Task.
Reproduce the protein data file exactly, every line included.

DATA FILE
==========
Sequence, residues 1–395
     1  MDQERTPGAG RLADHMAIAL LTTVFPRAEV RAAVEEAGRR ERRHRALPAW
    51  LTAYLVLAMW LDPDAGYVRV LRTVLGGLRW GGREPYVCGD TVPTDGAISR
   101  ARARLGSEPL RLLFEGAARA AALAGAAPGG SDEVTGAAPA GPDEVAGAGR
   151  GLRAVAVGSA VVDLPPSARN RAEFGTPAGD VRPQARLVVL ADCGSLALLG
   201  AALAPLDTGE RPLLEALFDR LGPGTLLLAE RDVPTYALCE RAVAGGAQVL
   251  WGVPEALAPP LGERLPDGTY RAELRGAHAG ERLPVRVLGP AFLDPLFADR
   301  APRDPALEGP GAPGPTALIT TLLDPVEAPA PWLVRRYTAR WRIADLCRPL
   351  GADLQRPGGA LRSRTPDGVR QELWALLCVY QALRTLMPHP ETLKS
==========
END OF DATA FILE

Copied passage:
Sequence, residues 1–395
     1  MDQERTPGAG RLADHMAIAL LTTVFPRAEV RAAVEEAGRR ERRHRALPAW
    51  LTAYLVLAMW LDPDAGYVRV LRTVLGGLRW GGREPYVCGD TVPTDGAISR
   101  ARARLGSEPL RLLFEGAARA AALAGAAPGG SDEVTGAAPA GPDEVAGAGR
   151  GLRAVAVGSA VVDLPPSARN RAEFGTPAGD VRPQARLVVL ADCGSLALLG
   201  AALAPLDTGE RPLLEALFDR LGPGTLLLAE RDVPTYALCE RAVAGGAQVL
   251  WGVPEALAPP LGERLPDGTY RAELRGAHAG ERLPVRVLGP AFLDPLFADR
   301  APRDPALEGP GAPGPTALIT TLLDPVEAPA PWLVRRYTAR WRIADLCRPL
   351  GADLQRPGGA LRSRTPDGVR QELWALLCVY QALRTLMPHP ETLKS